Quarterly Production Reports: A Preview
Quarterly resource sector production & sales reporting seasons run for roughly two weeks and the June quarter 2017 season kicks off tomorrow with reports from Whitehaven Coal ((WHC)) and Northern Star Resources ((NST)), before the season heats up next week.
The June quarter is traditionally positive for bulk mineral producers, UBS notes, as production ramps back up following wet season down-time in the March quarter. However, this year will bring a different story for coal producers given Cyclone Debbie hit in March.
Coal volumes are expected to be well down in the quarter — metallurgical (or coking) coal in particular. Statistics from Queensland ports show very weak shipments in April and only a partial recovery in May.
Total iron ore exports volumes from Port Hedland on the other side of the country have recently ticked up, Shaw & Partners notes, and are back to a long term uptrend. June exports ran at an average 1.44mt per day to an annualised run-rate of 524mt, which is an extraordinary amount when BHP ((BHP)) once suggested the port could only handle 180mt.
Iron ore cargoes directed to China represent 85% of Port Hedland throughput and looking at it the other way around, 40% of China’s iron ore imports leaves Port Hedland.
UBS nevertheless believes the numbers will be mixed among the individual miners. The broker expects Fortescue Metals’ ((FMG)) volumes to come in ahead of FY17 guidance but Rio Tinto ((RIO)) will struggle to match the run-rate of calendar 2017 guidance.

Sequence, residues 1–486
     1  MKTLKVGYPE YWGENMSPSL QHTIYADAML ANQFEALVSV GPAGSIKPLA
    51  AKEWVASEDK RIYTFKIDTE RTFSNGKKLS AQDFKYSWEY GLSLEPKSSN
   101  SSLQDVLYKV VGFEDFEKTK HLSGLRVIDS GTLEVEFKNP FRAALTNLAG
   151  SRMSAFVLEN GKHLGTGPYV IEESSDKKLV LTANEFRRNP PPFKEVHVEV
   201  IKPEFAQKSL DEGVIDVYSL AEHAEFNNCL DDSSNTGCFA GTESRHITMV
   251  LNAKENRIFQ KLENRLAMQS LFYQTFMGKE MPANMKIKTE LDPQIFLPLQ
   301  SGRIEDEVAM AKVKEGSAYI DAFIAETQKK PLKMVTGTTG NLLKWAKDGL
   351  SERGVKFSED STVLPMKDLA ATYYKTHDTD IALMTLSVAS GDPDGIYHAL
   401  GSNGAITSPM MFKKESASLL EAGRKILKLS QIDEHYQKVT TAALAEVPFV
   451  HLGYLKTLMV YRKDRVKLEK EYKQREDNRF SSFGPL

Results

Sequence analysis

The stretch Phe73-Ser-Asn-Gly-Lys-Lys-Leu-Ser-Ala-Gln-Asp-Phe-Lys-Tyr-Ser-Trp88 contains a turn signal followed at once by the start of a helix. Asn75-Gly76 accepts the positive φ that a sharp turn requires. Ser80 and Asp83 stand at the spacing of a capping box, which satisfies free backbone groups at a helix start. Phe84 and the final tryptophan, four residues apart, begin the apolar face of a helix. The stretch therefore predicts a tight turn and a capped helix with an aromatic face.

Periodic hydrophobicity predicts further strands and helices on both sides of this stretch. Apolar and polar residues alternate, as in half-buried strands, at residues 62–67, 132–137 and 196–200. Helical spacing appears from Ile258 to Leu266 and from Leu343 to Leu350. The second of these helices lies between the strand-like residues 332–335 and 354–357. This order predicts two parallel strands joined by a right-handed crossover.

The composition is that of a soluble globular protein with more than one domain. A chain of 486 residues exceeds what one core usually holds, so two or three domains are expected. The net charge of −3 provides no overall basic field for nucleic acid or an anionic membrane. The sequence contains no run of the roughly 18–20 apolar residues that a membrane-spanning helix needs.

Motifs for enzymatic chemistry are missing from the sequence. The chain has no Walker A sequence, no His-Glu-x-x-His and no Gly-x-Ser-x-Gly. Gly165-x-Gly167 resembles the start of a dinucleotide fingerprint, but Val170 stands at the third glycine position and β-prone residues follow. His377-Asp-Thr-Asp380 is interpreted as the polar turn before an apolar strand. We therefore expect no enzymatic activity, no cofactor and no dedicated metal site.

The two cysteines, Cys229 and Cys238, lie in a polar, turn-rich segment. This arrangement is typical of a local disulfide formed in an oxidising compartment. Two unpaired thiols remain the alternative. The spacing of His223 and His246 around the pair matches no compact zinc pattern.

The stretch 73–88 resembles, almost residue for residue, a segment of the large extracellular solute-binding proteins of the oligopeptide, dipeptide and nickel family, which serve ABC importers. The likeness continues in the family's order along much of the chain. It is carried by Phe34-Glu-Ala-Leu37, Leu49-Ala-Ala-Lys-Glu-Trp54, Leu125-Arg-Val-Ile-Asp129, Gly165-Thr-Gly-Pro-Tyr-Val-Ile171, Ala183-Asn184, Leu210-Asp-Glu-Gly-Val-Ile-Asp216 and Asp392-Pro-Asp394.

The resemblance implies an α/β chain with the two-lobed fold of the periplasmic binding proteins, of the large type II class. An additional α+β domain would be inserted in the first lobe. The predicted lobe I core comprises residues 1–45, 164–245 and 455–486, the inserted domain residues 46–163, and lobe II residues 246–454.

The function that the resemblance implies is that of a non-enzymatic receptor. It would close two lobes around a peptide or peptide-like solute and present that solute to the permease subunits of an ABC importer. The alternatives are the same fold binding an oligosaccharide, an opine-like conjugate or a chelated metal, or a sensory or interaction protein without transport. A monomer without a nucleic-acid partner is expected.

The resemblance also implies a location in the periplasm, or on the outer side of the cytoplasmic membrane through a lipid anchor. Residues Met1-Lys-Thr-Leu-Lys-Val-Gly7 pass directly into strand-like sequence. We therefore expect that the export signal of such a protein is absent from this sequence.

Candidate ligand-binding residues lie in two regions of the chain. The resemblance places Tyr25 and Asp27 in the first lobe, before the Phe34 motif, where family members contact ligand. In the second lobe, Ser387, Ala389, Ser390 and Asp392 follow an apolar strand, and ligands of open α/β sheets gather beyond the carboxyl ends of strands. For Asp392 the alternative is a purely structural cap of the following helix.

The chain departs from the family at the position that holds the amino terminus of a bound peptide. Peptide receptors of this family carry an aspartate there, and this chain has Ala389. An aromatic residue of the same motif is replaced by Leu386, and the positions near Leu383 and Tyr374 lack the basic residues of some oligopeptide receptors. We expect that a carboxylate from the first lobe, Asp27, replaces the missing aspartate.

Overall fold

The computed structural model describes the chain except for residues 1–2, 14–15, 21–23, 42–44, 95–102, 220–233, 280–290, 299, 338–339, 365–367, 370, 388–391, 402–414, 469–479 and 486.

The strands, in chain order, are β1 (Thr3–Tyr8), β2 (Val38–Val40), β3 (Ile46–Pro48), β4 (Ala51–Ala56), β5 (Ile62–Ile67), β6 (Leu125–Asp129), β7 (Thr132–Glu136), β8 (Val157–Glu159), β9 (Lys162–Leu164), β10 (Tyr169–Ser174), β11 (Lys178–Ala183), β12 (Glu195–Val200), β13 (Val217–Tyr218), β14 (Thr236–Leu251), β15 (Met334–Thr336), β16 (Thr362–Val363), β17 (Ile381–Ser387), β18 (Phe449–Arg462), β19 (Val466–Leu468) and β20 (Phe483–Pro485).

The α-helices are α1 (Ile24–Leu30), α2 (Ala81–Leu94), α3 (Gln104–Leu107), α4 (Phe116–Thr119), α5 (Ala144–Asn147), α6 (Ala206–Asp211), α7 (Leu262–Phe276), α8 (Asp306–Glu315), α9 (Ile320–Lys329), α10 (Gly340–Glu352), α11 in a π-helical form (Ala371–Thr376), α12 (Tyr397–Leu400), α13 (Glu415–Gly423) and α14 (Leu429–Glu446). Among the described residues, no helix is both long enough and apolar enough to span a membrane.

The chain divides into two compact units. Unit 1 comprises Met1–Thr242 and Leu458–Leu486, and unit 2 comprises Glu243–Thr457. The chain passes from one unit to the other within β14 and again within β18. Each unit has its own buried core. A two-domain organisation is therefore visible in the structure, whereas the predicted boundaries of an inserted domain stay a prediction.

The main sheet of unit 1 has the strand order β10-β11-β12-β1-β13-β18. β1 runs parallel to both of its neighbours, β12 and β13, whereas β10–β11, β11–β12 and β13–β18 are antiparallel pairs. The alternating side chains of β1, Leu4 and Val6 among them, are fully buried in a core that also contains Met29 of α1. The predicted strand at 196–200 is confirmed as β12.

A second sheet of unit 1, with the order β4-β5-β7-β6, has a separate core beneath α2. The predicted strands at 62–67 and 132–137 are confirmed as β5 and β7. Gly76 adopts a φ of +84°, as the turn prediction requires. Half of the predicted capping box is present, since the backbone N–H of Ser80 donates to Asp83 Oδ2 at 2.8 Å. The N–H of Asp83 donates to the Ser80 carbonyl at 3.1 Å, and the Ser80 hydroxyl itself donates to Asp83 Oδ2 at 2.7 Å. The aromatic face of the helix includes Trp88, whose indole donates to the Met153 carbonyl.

Fortescue will particularly be in focus with regard price realisation for its discount lower grade ore given March quarter realisation surprised to the downside, UBS notes. The broker expects 65% realisation, which is still weak but may prove a positive surprise.
Attention in the gold space will be on Newcrest Mining ((NCM)) and the impact of the seismic event and subsequent shutdown at Cadia. Production numbers are expected to be weak but UBS suggests other assets may have been worked harder to make up some of the gap. Costs will obviously look elevated given the cost of getting Cadia back on track. The market should, nevertheless, be able to look through these one-offs.
Evolution Mining ((EVN)) has now become the number two Australian gold miner – a position once held by Lihir until Newcrest bought Lihir to put daylight between it and other Australian players. The focus for Evolution will be on cash generation given a high level of debt on the balance sheet. UBS suspects the market may be a little bit optimistic.
UBS expects copper production to be largely flat on the March quarter. Attention will thus be centred on OZ Minerals’ ((OZL)) Carrapateena feasibility and whether it is on track, while an update on Sandfire Resources’ ((SFR)) rapidly expanding exploration program will be in focus.
Oil & Gas
It was a weak June quarter for oil prices, Macquarie notes, with an average US$50.80/bbl for Brent falling -3% short of the broker’s forecast. Prices trended lower later in the quarter as the extent of US shale production growth surprised and the lack of usual rebel attacks on ports/pipelines in Libya and Nigeria meant those two producers were able to pump at a rapid rate.